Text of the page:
28. The Advocates belonging to the Jain community have filed bulky written arguments to support the Santhara as a religious practice, quoted from scriptures and preaching of Jain religion, which is not by way of taking one’s life for attaining any status or relief from pain. They state that adopting Santhara is not suicide. It is a death with equanimity in pursuit of immortality. It is a victory over death or rather the fear of death. Persons taking vow of Santhara face it bravely and boldly whenever death becomes to them. They are spiritual aspirants, who retain their equanimity in the face of death and their death does not remain fearful but becomes peaceful. Such peaceful death is called “Samadhimarana”. It is practiced by those inveterate spiritual aspirants, who are in eternal pursuit to immortality. Jainism is known for many a unique spiritual practice and accomplishment since its propounding by the first Lord Prophet Rsabhadeva, centuries ago at the beginning of time cycle. The antiquity of Jain religion and Santhara is unquestionably proven by its mention in the ancient scriptures. It is equally modern and rational in its philosophy and approach. It is modern in the sense that spiritual aspirants, in the pursuit of immortality, undertake this practice. It is rational in the sense that the very purpose of human existence in its spiritual evolution to perfection and to overcome all impediments that hinder its progress towards this noble goal. The fear of death is one such hindrance and in that sense, the Santhara overcomes this hindrance and paves the way for spirit’s attainment of perfection. It not only enables the spiritual aspirant to overcome the fear of death but also highlights the indomitable human spirit that would not stop short of achieving its goal whatever may be in the say. Reference has been made to the book of Dr.Colonel D.S.Baya, which covers almost all aspects of this spiritual practice by the Jainas across the sectarian divisions and across the world. The book justifies the Santhara as religious practice, which is essential to the religion of Jain. Quoting from the Jain scriptures and using a research methodology including literary, field research and research finding, it was concluded in the book that embracing voluntary peaceful death by fasting unto death after a preparatory penance is the ultimate form of penance that culminates in a fearless death in a state of equanimity of mind. It is a noble form of death, which does not use any violent means to die in a fit of the moment and it is perfectly non-violent as it causes no injury to the self or the other. The Santhara is perfectly peaceful, calm and quiet and is distinct from the voluntary death practiced by the followers of the other faiths in that it uses no violent means to die and that there is no desire to die associated with it. It is simply a noble way to voluntarily discard and worn out and diseased body that does not remain spiritually productive any longer. The practice has been a tradition with the Jain ever since the dawn of civilization and it has been practiced by the Jain ascetics and lay followers since the time of Bhagwan Rsabhadeva to the present age. The Jain scriptures, rock inscriptions and media report amply bear evidence to the facts. It cannot be compared with suicide, Sati or any other form of honour deaths and it attracts no provisions of law against it. Justice T.K.Tukol opined that omission to take food is not an offence under section 309 of the Indian Penal Code which deals with suicide and that it is not an offence because it does not injure others. It was finally concluded in the book that it is a noblest way to die in the pursuit of immortality.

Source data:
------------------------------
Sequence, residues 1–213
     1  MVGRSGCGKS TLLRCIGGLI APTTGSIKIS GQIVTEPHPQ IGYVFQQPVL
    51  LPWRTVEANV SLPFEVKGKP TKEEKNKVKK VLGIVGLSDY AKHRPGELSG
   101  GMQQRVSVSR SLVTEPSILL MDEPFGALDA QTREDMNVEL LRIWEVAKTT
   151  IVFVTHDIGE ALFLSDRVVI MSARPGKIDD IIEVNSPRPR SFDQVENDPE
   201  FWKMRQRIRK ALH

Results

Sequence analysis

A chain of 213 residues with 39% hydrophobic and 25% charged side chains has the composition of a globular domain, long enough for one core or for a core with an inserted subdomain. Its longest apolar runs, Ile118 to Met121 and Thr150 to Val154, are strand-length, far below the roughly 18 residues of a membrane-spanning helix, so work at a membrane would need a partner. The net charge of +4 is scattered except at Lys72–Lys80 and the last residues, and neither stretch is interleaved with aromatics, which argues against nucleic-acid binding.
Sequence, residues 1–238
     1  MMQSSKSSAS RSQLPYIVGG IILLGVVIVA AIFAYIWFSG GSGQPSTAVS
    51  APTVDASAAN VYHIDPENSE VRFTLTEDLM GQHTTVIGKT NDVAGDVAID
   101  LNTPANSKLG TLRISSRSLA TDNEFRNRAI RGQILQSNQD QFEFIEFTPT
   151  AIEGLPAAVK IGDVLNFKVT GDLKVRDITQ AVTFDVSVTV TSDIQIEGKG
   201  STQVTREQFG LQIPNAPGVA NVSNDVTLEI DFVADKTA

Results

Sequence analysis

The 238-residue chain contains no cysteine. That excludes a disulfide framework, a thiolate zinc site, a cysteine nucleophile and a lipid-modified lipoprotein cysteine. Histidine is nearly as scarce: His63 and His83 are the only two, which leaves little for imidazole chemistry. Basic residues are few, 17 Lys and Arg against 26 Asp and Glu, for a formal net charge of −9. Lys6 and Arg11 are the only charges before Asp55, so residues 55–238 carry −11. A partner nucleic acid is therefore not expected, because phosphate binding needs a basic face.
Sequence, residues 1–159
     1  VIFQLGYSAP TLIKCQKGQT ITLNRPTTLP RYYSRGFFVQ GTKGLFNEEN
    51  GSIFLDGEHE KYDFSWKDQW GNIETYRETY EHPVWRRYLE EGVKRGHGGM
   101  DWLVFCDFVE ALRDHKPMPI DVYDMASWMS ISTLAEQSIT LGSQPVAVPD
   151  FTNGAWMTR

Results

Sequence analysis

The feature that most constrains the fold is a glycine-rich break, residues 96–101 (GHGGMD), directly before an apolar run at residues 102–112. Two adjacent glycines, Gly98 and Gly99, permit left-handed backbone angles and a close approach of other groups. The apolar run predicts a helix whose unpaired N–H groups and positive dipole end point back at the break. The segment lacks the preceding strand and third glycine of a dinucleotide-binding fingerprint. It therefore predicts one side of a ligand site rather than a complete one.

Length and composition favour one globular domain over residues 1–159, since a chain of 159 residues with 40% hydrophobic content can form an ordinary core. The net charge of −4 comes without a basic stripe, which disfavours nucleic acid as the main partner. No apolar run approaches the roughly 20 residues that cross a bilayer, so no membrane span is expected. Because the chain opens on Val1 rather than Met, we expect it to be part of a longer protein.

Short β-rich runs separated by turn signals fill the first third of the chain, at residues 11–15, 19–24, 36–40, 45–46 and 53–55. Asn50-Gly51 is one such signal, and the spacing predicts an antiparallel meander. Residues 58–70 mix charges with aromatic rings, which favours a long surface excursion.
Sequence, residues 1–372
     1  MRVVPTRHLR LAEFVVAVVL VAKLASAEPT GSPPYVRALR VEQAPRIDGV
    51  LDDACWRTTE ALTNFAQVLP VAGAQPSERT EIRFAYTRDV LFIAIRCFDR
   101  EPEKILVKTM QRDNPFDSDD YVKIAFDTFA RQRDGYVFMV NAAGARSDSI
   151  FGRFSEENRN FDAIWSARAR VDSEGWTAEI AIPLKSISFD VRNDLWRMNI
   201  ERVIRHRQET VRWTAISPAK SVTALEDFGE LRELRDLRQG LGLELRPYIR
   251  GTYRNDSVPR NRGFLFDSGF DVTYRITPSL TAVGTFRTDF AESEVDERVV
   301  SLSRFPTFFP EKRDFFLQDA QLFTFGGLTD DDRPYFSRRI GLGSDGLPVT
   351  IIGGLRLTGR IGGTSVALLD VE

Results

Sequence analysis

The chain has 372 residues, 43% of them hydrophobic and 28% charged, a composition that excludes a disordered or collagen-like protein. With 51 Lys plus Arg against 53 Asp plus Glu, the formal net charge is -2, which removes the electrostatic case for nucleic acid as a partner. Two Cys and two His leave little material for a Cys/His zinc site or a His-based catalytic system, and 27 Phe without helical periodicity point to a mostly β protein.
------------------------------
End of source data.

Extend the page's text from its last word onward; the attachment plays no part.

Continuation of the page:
29. In the written arguments filed by Shri Vimal Choudhary, Advocate, Shri Sunil Nath, Advocate appearing for respondent no.3, Shri Anuroop Singhi, Advocate settled by Shri J.K.Singhi, Senior Advocate, Shri Vivek Dangi/Vijay Choudhary, Advocates settled by Shri Virendra Dangi, Senior Advocate, Shri Ajit Maloo, Advocate settled by Shri N.K.Maloo, Senior Advocate, Shri Hemant Sogani/Himanshu Sogani, Advocates appearing for the applicant-Veerendra Kumar Jain and Shri Ajit Bhandari, Advocate appearing for the respondent no.4, reliance has been placed on various books and articles and references have been made to the religious scriptures including the opinions of Shri Swami Samantbhadra Acharya, Shrimadacharya Pujyapad, Shri Acharaya Uma Swami and Shri Dhyan Sagar Ji Maharaj and articles of Justice T.K.Tukol and Justice N.K.Jain. Reliance has also been placed on various studies carried out by the scholars including the scholars of Jain Vishva Bharathi University, in support of the argument that the Santhara or Sallekhana is not by way of suicide, but for attaining the moksha and it is accepted form of death in the Jain religion for salvation.